LONDON - Copper prices ticked higher on Thursday as the prospect of lockdowns being lifted in top metals consumer China buoyed sentiment despite worries about weaker global growth.

Benchmark three-month copper on the London Metal Exchange (LME) rose 0.4% to $9,273 a tonne in official open-outcry trading after dropping 1.4% in the previous session.

More Shanghai residents were given the freedom to go out to shop for groceries for the first time in nearly two months on Thursday as authorities set out further plans for exiting the city-wide COVID-19 lockdown.

Stock markets slumped on Thursday on concern about an economic downturn, fuelled a day earlier by bleak results and outlooks from big U.S. retailers.

"The fact that copper is holding up today with the S&P 500 (index futures) down, points to some underlying strength," said Ole Hansen, head of commodity strategy at Saxo Bank in Copenhagen.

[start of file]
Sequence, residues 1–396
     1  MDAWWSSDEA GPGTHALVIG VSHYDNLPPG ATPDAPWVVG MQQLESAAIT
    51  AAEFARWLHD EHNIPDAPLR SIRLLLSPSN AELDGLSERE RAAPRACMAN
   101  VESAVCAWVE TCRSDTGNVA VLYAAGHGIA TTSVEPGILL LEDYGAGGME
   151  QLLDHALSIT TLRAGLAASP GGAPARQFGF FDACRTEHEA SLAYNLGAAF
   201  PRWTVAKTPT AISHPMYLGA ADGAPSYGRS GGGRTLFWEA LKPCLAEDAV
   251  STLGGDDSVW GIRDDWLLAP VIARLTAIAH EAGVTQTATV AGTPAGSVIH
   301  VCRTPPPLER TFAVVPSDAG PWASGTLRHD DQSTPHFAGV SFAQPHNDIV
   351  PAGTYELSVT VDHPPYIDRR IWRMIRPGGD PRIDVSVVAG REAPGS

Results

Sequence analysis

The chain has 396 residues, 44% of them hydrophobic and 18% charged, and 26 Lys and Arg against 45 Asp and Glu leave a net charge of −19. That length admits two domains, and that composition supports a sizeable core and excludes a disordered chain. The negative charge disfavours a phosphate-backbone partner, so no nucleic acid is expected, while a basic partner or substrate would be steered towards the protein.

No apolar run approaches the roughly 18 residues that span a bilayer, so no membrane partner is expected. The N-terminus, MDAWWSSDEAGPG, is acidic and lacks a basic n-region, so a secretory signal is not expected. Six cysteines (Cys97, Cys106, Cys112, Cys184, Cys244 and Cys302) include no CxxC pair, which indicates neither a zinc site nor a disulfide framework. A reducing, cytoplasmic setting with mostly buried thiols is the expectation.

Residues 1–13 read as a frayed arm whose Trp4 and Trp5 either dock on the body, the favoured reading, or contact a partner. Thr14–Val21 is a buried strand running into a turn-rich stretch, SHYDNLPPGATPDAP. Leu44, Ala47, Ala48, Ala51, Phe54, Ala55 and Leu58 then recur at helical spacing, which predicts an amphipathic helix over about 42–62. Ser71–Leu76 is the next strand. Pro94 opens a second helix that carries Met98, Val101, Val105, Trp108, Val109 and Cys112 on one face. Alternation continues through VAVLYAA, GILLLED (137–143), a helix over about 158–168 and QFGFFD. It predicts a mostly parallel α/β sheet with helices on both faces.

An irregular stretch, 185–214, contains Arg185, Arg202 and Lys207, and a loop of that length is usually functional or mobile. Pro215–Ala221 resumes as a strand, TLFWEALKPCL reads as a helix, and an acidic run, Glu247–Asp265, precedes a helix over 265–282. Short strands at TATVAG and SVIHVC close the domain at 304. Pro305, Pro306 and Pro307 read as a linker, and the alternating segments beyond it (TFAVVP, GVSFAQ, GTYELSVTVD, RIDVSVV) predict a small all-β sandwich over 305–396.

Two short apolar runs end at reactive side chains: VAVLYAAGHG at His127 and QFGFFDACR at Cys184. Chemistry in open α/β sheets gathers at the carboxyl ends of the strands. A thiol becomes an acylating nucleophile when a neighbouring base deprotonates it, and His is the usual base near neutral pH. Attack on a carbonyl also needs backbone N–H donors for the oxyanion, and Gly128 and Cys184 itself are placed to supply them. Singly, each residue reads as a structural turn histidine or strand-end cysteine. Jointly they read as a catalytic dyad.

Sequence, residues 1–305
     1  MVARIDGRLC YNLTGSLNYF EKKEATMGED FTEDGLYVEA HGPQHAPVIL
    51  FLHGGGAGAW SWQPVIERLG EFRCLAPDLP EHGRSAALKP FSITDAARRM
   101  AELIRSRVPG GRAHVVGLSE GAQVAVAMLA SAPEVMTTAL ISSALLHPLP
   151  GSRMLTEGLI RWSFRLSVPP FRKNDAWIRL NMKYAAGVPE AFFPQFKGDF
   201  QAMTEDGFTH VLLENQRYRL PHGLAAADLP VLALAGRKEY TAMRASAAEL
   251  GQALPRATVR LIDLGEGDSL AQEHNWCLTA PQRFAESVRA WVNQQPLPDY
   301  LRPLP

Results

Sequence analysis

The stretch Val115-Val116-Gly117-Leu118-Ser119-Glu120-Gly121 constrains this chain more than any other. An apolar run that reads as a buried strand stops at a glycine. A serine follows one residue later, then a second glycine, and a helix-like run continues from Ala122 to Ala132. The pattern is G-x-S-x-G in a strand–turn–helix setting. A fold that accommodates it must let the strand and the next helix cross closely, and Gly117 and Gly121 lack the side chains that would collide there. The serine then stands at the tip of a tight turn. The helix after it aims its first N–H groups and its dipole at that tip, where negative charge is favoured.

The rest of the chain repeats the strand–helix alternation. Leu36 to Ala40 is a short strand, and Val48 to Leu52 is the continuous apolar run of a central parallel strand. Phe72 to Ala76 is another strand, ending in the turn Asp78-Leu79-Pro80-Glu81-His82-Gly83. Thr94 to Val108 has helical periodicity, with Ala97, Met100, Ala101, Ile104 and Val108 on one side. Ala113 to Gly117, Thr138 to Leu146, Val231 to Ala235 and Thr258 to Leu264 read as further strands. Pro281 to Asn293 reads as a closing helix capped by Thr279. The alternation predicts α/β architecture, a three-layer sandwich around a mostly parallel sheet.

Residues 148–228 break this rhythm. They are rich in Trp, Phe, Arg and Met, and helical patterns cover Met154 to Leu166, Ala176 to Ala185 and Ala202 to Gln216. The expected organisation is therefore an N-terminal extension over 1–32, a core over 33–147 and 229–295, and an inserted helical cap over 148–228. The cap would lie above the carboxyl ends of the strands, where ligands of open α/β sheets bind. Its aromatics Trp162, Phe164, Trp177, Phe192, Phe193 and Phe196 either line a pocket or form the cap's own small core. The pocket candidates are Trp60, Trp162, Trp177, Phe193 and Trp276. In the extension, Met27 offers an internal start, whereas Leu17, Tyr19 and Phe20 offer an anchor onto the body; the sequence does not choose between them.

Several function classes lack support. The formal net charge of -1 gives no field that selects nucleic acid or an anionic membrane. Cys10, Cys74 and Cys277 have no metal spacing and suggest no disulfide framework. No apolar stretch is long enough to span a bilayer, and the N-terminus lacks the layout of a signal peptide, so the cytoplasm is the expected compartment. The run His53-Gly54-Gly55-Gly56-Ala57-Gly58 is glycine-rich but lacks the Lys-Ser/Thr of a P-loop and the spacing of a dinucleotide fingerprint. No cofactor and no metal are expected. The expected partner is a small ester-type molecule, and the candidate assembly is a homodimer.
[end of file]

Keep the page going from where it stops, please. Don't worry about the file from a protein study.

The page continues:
"That strength is fundamentally based, with signs of lockdowns being lifted in China and low inventories which aren't there to cope with a potential pick-up in demand."

The most-active June copper contract on the Shanghai Futures Exchange ended daytime trading down 0.3% at 71,530 yuan ($10,576.04) a tonne.

Aggressive U.S. rate-hike bets, the ongoing lockdowns in China and a batch of poor economic readings from major nations has led to slowdown concerns and weighed on industrial metals.

Supporting metals was a slightly easier dollar index, making greenback-denominated metals less expensive for buyers using other currencies.

The global nickel market deficit deepened to 11,100 tonnes in March, compared with a shortfall a month earlier of 1,800 tonnes, data from the International Nickel Study Group showed on Wednesday.

(Additional reporting by Brijesh Patel in Bengaluru; Editing by Bernadette Baum and Krishna Chandra Eluri)